By Kenneth Roy
When we were starting the Institute of Contemporary Scotland, publisher of this magazine, in the golden hours of the century when there was lots of dosh swilling around for crazy new ideas, Sir Lewis Robertson (now deceased) arranged a lunch to enable me to meet the theological thinker Richard Holloway, of whom he was an admirer.
I never did discover the purpose of this lunch, enlightening as it was, since Mr Holloway made it clear that he would not be assisting the fledgling institute. ‘I’m not a joiner,’ he explained. It was not long after this that he joined the Scottish Arts Council as its chairman. ‘I’m not a joiner’ was perhaps a tactful way of saying, ‘I’m not a joiner of the Institute of Contemporary Scotland, but I could be a joiner of the Scottish Arts Council’.
His remark stuck, because I’m not a joiner either. Yet I’ve just joined something. It’s an odd feeling.
I even turned down an opportunity to join the Scottish Arts Council, long before Richard Holloway was its chairman. The idea was that I should become a member of the drama committee and work my passage from there. It was an attractive proposition; I was enamoured of the Scottish theatre, and the arts in general, in a way that I am not any more. And I enjoyed going to lunch with the woman who was doing the persuading. Mostly we didn’t talk about the Scottish Arts Council. We just exchanged scurrilous gossip about this and that. Mostly that.
Eventually, I had to tell her. I confessed during one of our lunches that, all things considered, I wouldn’t be joining the drama committee, that I was hopeless as a team player and that I wouldn’t be happy about turning down applications which put people out of work. This must have come as a huge disappointment. The gossipy lunches ceased abruptly. It seemed we weren’t friends any more.
One committee I did join, if only for one meeting, was some Church of Scotland advisory group on Life and Work magazine. The editor at the time was Bob Kernohan. I couldn’t believe it when people started criticising stuff that had appeared in his magazine. Was our only purpose, if we had any, not to give moral support to the editor and tentatively pitch in an idea if asked? Who the hell did we think we were, lecturing one of Scotland’s best journalists on how to do his job?
Hey, I’m not a joiner. I’m with Holloway on that one.
Why, then, have I just accepted an invitation to join JFM – the Justice for Megrahi Committee? The one obvious route to refusal was that membership of this committee might compromise my independence as a six hours a week journalist, filling this space; ii’s often a useful get-out clause from any commitment to altruism or, for that matter, anything else.
Two things tipped me over the edge. The first was driven by anger, the emotion that my adviser Seneca counsels me against. I can’t help it, Seneca, I’m not like you; for the time being I have to live in this world.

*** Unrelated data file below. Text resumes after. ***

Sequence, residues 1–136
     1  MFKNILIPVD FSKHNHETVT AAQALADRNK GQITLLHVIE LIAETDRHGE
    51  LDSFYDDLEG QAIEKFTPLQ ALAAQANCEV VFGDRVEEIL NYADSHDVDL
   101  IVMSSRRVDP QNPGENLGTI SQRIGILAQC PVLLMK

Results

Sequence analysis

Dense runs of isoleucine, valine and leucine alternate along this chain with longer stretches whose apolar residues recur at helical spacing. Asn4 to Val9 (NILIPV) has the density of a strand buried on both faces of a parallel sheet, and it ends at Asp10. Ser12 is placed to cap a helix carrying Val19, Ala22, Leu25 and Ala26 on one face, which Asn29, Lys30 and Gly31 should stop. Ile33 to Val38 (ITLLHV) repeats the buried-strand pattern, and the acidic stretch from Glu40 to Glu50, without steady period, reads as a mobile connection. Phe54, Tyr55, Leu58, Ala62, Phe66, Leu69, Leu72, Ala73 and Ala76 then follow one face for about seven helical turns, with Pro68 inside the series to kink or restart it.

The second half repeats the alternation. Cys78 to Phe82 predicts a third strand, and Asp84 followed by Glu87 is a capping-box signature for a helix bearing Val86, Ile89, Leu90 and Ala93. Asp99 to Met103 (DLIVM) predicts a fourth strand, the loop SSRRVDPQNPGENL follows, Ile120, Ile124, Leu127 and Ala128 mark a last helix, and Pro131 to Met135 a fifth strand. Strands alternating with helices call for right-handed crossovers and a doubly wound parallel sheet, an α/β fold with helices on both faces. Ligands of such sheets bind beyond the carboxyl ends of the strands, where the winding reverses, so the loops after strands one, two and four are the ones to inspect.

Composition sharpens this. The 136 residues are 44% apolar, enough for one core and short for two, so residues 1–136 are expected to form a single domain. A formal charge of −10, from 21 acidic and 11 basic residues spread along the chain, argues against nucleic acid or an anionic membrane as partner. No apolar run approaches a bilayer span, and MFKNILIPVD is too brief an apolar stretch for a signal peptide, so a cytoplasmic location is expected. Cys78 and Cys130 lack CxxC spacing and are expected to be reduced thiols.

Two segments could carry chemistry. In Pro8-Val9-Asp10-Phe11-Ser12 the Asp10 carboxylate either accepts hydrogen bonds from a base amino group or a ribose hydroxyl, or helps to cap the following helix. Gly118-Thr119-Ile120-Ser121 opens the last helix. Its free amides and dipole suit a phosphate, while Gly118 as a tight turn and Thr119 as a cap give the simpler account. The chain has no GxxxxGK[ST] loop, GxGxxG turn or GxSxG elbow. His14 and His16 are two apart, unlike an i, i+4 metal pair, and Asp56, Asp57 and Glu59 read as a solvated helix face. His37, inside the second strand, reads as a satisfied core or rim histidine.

In this case, however, it’s hardly likely. I have been banging on about Megrahi for years. My views are not going to change in a hurry, if ever. That report of the Scottish Criminal Cases Review Commission needs to be published, it needs to be published in full, it needs to be published pronto. Then and only then will the people of Scotland be able to judge for themselves the credibility of the prosecution case and the conduct of our justice system.
We paid for this report. It’s a public document, one of the most important ever produced in Scotland, concerning the worst atrocity inflicted on these shores in peacetime and the deaths of 270 blameless people. But although we’re big enough to have paid for the report, it seems we are not big enough to be trusted with its contents. Important vested interests continue to obstruct its appearance.
Non-joining being bred in the bone, I still wouldn’t have joined the Justice for Megrahi Committee. Two things tipped me over the edge. The first was driven by anger, the emotion that my adviser Seneca counsels me against. I can’t help it, Seneca, I’m not like you; for the time being I have to live in this world.
Last Thursday, when we published a detailed positional paper from JFM with an accompanying editorial, all of 14 minutes elapsed before an iphone response from a Labour MSP pouring scorn on the Scottish Review’s campaign for transparency in the Lockerbie case. Fourteen minutes, huh? Fourteen minutes in which to read and assimilate a complex document, and prepare a negative six-liner on your iphone – it’s impressive. It could even tell us quite a lot about why the Labour Party hasn’t been in power in Scotland for the last five years. They’ve all been too busy taking lessons in speed reading.
The second thing was more personal. One of the people on the Justice for Megrahi Committee is Dr Jim Swire, who lost his daughter Flora on flight 103 and has been fighting for the truth ever since. I have discovered from years of interviewing them that, with few exceptiions, that is what victims yearn for and work towards: not revenge, not blood, but the truth. At the age of 76 Dr Swire goes on fighting for it, risking his life to enter the chaos that is Libya. Why wouldn’t I join a committee with that noble man and do what little I can to help him?
So I’ve broken the habit of a lifetime and joined something. Fourteen minutes from now – maybe less – someone with an iphone will tell me I’m wrong. This time, I won’t be counting.
Courtesy of Kenneth Roy – read Kenneth Roy at the Scottish Review